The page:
Evaluating Conditional Cash Transfers for HIV/STI Prevention in Rural Tanzania: One-Year Post-Intervention Follow-up

Damien de Walque, World Bank Group
William H. Dow, University of California, Berkeley
Rose Nathan, Ifakara Health Institute (IHI)
Carol Medlin, Bill & Melinda Gates Foundation

We conducted a “proof of concept” study to evaluate the use of conditional cash transfers (CCTs) as an HIV/STI prevention strategy to incentivize safe sex. The one-year randomized intervention linked cash transfers to negative STI results among 2399 young adults in rural Tanzania. Previously reported results found a significant STI reduction in the intervention arm at the one-year endpoint. The current paper will report on a longer-term follow-up one year after the intervention ended. Specifically, we test three hypotheses: (1) beneficial effects do not persist after removal of incentives, (2) the temporary incentives may have decreased the intrinsic motivation to avoid risky behaviors, thus worsening risky behaviors in the long run, versus (3) incentivized learning results in lasting long-run benefits.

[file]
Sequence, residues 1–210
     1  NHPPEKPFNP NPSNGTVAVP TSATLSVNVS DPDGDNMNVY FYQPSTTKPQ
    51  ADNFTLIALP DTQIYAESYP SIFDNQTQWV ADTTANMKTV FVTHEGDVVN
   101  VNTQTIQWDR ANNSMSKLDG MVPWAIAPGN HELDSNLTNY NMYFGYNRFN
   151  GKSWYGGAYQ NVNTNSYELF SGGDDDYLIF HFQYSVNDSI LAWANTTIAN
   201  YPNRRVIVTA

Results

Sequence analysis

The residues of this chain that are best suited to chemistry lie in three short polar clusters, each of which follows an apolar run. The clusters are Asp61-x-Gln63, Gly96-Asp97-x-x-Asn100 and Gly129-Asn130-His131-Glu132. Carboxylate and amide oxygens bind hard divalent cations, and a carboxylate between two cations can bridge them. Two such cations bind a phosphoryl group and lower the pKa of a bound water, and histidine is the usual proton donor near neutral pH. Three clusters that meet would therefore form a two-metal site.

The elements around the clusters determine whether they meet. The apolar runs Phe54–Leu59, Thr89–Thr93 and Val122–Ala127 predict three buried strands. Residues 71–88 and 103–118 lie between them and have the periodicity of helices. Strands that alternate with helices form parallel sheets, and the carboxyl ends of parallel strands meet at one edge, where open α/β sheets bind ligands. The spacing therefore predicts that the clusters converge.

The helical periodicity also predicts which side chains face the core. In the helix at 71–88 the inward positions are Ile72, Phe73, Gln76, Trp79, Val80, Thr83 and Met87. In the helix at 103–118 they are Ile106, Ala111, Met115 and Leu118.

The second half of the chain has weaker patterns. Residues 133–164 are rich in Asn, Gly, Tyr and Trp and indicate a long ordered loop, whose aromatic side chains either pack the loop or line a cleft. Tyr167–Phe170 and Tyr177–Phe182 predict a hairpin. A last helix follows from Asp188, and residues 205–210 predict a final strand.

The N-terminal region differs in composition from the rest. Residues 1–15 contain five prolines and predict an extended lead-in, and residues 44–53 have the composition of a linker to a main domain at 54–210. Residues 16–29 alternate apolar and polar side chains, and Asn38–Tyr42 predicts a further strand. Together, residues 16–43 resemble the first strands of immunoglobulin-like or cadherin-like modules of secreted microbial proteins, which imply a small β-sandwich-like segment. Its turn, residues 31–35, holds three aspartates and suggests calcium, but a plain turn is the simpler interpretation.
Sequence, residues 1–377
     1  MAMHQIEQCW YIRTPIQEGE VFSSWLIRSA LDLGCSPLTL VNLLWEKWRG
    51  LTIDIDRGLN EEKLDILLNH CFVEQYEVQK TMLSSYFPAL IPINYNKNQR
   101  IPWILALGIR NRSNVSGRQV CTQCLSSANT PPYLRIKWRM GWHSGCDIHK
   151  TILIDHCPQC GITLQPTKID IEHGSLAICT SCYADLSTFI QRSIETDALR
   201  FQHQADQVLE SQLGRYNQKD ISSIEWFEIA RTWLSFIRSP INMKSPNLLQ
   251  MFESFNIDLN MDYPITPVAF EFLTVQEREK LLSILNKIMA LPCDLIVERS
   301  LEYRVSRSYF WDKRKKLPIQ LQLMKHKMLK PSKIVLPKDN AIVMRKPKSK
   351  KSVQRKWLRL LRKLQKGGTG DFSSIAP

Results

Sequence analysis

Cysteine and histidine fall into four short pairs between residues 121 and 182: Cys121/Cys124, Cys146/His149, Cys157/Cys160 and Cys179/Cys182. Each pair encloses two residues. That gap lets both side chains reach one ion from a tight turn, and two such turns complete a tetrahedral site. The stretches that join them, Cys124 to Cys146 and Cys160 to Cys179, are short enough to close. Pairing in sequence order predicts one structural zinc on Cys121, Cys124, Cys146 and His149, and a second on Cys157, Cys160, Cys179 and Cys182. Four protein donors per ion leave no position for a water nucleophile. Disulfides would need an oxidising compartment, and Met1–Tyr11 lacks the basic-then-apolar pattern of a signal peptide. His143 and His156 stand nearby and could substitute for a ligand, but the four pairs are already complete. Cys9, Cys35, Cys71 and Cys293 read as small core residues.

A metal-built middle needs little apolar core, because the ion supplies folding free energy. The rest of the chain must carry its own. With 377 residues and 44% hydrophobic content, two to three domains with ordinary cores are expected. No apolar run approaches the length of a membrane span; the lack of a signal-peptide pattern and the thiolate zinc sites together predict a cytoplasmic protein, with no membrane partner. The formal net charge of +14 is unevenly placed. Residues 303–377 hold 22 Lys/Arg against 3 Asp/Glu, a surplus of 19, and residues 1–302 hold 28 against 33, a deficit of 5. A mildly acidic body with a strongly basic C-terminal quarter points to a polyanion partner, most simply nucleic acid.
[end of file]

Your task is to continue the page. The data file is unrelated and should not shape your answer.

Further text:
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Presented in Session 161: HIV Risk, Prevention, and Consequences